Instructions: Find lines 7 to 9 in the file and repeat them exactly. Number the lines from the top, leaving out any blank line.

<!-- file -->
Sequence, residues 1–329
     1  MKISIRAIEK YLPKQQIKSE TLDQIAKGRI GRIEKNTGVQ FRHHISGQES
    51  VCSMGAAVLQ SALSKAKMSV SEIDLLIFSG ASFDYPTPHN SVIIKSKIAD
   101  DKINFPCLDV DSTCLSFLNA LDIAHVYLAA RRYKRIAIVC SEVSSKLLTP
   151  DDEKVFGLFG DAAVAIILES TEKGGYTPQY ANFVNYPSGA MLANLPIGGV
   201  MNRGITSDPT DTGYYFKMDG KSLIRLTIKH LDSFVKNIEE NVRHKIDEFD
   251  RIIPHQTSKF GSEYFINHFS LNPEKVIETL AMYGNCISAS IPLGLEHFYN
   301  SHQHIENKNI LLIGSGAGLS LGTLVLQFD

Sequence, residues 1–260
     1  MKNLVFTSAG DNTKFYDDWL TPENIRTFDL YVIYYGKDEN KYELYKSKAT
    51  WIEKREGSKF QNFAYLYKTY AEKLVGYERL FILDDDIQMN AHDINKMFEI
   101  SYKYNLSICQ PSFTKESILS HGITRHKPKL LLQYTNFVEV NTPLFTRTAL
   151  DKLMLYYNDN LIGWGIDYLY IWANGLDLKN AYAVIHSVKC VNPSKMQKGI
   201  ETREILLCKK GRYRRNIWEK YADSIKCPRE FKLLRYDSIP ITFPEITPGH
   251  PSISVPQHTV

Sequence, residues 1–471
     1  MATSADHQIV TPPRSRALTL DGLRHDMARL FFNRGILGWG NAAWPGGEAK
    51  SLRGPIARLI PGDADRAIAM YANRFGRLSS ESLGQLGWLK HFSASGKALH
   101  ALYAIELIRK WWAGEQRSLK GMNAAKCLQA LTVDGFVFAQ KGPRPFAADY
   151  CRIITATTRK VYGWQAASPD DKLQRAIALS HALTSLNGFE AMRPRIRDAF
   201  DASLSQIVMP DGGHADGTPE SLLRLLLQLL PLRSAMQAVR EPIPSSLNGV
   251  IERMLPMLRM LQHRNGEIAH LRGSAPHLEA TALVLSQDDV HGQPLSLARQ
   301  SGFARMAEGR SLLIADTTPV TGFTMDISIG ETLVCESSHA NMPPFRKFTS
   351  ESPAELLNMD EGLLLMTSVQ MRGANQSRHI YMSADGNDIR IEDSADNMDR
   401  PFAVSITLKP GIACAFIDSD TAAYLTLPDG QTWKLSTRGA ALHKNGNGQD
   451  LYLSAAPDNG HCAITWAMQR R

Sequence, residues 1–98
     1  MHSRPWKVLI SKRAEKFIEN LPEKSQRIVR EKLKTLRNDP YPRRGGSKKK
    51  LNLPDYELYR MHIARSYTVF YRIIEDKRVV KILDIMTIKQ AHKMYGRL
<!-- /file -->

   251  RIIPHQTSKF GSEYFINHFS LNPEKVIETL AMYGNCISAS IPLGLEHFYN
   301  SHQHIENKNI LLIGSGAGLS LGTLVLQFD

Sequence, residues 1–260